Monday, March 29, 2010
Childhood in the flesh (a visit from Patrick)
I had an unusual yet amazing upbringing; a theatre raised me. One might think that Amarillo, Texas is anything but a cultural mecca, and to some degree this is true. But, Amarillo holds a jewel in the form of a community theatre--and it's just that--A COMMUNITY.
I volunteered at the theatre through my middle school years, and then in high school Amarillo Little Theatre (ALT) hired me as an education intern. It was through this internship that I fell in love with teaching the arts, and it was through my experiences at this theatre that I met my best friend.
Patrick started participating in ALT Academy productions when his family moved to Amarillo. Right away, we clicked. We both had an insatiable obsession with the Julie Andrews movie "Thoroughly Modern Millie" (NOT to be confused with the watered-down Broadway adaptation), and we were both curious about all kinds of experimental and physical theatre. Our teacher/director/boss Sara fostered this creative environment where we were safe to take risks and try things out. So, you could say that Patrick and my friendship grew and developed out of honesty, originality, and self-expression. Needless to say, when I left for college, we both knew that this was only the beginning.
The summer between my freshman and sophomore years, Patrick and I were cast in an outdoor drama in Palo Duro Canyon. Everyday, we loaded up in my 1998 purple Saturn (SEXY!) and drove into the beautiful, sunny canyon. We always had the windows rolled down, and we were always listening and singing along to: Simon and Garfunkle, Cat Stevens, HAIR soundtrack, Indigo Girls, Ben Folds Five, Indie Arie, Pippin soundtrack, or the likes. We spent so much time together that year, plus Sara took us to New York City and we saw Mary Zimmerman's Metamorphoses, Noises Off (where we met Counting Crows' Adam Duritz), Bernadette Peters in concert, and Rent.
*Side note: That summer was exactly what I needed. My parents had just split up, and I needed to focus on anything other than my family. Patrick sheltered me with love and good times, and I guess you could say that I'm forever young when I think about that time.
Patrick skipped the whole college thing and thrust himself head-first into performing. I always guessed that he would be a huge success after he left Amarillo, and sure enough he was. He got cast in the touring production of FOSSE right off the bat, and when the tour was over he moved to Chicago where the auditions and acting jobs kept on rolling in. While I was busy writing papers and acting/directing student ensemble projects for school, Patrick was actually living the life of an artist. We didn't see each other for several years, but we kept up an enthusiastic phone dialog that always left us missing each other.
Then, I got married. I met John during the end of my undergrad days, and he served as the perfect distraction from graduation. BUT, I managed (somehow) to fall in love AND graduate, and when I called Patrick to tell him I was getting married, Patrick knew that he would have to rearrange his schedule to BE THERE!! And he did. I'm pretty sure there was even some understudy action taking over while he flew to Texas for the ceremony. He sang Cat Stevens' Morning Has Broken and Van Morrison's Warm Love during the wedding, and having him with me was comfort enough to get me through the most beautiful yet crazy day of my life.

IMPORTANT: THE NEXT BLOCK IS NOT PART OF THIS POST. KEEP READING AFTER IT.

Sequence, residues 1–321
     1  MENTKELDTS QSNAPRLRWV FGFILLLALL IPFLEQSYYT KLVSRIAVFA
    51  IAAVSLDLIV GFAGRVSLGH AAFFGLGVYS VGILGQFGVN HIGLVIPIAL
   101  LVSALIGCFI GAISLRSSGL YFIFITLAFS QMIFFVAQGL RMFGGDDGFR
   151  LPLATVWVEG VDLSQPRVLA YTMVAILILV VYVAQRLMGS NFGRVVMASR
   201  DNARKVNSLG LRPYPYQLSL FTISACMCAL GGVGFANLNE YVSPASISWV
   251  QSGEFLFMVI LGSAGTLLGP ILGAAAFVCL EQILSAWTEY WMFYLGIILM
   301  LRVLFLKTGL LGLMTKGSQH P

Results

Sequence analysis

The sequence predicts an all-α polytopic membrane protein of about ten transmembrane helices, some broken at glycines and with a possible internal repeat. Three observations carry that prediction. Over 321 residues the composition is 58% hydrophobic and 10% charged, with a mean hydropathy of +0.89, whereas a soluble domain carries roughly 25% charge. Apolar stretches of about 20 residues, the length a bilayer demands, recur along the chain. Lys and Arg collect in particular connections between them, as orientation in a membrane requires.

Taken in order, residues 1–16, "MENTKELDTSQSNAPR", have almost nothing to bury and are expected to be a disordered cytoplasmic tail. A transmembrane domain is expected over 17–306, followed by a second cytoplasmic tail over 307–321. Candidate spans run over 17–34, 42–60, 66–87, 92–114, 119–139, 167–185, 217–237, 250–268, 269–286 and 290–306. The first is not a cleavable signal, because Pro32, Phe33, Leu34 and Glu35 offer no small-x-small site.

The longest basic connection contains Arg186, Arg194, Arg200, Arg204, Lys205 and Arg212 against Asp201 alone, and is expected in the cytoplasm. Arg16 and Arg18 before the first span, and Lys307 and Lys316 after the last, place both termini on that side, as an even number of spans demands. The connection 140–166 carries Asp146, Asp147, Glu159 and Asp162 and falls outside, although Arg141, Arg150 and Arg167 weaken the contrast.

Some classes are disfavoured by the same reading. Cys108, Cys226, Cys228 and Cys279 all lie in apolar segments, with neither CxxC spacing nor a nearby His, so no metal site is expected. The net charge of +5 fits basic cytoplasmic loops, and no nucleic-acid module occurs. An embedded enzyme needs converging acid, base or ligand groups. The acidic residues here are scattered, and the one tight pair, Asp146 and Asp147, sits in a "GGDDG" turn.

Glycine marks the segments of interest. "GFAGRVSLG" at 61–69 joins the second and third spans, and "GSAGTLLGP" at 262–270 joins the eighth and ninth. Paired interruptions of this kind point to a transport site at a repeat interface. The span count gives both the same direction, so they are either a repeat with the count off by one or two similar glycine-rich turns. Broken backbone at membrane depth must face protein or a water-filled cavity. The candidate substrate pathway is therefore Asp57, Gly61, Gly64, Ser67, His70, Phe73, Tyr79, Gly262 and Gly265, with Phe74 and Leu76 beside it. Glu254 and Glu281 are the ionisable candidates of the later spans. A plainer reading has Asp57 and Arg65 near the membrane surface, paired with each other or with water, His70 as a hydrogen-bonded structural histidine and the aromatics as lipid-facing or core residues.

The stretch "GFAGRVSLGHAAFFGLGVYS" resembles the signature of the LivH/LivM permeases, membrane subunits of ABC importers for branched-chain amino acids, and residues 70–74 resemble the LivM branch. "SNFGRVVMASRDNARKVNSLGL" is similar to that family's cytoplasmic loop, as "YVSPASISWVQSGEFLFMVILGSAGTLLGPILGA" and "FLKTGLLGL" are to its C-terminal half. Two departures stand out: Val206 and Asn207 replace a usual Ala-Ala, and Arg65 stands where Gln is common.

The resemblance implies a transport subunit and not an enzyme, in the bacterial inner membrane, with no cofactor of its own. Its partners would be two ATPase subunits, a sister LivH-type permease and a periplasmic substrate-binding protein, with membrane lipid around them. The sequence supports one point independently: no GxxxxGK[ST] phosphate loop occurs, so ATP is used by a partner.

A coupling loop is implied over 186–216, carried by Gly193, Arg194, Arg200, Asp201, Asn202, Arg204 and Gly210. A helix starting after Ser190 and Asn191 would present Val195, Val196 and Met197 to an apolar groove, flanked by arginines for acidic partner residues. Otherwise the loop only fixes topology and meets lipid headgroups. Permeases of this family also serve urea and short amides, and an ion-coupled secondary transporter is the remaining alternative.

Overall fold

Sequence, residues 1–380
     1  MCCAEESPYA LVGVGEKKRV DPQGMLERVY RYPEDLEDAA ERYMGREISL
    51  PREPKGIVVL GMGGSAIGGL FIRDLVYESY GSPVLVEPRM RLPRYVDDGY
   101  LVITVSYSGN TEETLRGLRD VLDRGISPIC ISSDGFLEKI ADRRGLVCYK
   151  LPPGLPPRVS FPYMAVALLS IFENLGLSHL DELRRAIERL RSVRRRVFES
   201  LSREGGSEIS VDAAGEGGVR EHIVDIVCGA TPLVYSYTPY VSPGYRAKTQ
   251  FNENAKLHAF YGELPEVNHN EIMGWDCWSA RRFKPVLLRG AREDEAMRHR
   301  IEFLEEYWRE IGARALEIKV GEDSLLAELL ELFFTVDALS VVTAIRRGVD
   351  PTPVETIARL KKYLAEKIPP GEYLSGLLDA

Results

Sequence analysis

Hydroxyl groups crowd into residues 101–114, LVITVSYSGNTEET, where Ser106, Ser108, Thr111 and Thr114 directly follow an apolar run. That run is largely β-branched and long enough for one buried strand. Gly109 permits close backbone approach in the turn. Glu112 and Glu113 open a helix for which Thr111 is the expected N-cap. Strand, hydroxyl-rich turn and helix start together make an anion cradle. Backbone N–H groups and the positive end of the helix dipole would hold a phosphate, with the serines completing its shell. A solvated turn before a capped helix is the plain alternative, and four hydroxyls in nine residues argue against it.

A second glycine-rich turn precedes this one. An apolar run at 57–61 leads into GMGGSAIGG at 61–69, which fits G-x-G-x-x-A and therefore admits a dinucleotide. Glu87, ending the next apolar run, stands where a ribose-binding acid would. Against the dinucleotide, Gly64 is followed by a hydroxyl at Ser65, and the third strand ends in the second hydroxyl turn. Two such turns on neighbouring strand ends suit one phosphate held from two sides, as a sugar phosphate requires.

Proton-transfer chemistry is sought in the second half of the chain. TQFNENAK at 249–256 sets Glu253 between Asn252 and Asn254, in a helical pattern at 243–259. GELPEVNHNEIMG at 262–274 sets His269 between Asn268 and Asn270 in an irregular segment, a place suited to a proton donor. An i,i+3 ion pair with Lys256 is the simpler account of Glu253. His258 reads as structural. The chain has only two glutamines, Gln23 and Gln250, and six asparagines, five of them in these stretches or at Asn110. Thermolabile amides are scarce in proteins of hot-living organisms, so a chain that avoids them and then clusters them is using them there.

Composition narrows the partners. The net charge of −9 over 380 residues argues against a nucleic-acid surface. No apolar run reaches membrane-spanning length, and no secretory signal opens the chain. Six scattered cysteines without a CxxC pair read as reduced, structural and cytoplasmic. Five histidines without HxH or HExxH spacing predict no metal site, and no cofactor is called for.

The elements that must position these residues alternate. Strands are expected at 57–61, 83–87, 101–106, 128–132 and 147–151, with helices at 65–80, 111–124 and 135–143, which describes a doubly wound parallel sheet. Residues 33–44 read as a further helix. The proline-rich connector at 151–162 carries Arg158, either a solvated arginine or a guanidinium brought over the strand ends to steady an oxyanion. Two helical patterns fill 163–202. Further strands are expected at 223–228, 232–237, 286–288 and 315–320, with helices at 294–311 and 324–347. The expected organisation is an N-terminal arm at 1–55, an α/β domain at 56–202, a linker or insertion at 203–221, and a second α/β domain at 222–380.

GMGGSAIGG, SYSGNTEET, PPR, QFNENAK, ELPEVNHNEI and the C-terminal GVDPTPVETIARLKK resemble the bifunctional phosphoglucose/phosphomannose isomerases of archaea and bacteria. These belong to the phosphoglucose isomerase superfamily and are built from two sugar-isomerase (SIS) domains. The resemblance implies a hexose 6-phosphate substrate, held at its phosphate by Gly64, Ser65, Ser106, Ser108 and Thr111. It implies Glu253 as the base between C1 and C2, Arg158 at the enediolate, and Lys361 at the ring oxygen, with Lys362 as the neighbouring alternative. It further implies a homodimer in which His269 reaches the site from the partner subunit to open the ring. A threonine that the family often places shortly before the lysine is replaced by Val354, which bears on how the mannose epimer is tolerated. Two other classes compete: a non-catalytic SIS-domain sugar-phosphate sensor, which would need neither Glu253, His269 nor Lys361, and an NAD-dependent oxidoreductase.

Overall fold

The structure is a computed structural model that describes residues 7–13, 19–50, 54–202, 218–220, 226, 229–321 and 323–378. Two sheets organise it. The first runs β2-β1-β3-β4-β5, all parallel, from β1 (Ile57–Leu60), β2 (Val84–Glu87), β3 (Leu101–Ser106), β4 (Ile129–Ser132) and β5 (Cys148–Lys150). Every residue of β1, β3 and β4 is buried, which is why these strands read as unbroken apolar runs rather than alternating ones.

In October, John and I drove from Philadelphia to Chicago to see Patrick in a production of Cabaret. Patrick portrayed the Emcee brilliantly, and seeing him dance and sing brought back memories from childhood. But, at the same time, there was something different about his performance that I hadn't seen until this show. Patrick was an adult now, and his experiences he gained through his own journey shaped and molded his new character work. I was fascinated at how far his craft had come. Patrick was a real, grown-up artist now.
Last week, we drove to Princeton, NJ to see Patrick portray a David Mamet character in a Steppenwolf production of American Buffalo. Bob was a character unlike any I'd ever seen Patrick play, and as I watched him, I forgot I was watching my best friend. I was watching a sad, lonely, ex-junkie try to find acceptance. At the end of the play, Bob gets a concussion that nearly kills him, and it was this climax that made me appreciate Patrick's versatility and vulnerability.
Patrick came back to Philly for a few days of R&R at our place. He brought our baby homemade treasures: a baby blanket and stuffed giraffe cut from the fabric of the shirt he wore to our wedding, and a book called "Giraffes Can't Dance" about a Giraffe named Gerald who wants to dance, but doesn't think he knows how. When Gerald finds the music within, his dance comes out, and he is truly a lovely sight. Patrick gifted our baby with a spirit animal that represents wisdom and grace. Reading the explanation of the giraffe was maybe one of the most special moments in my life, and I am so blessed by my spiritual friend who loves our baby.
I think the end of this post (obviously dedicated to my dear Patrick) should highlight this thought: We started from the same place, but our lives took very different turns. And, yet, here we stand...just as united and connected as we've always been. We appreciate and celebrate each others' journeys, and we love each other wholly.
To my life-long friend, I love you. You are a blessing.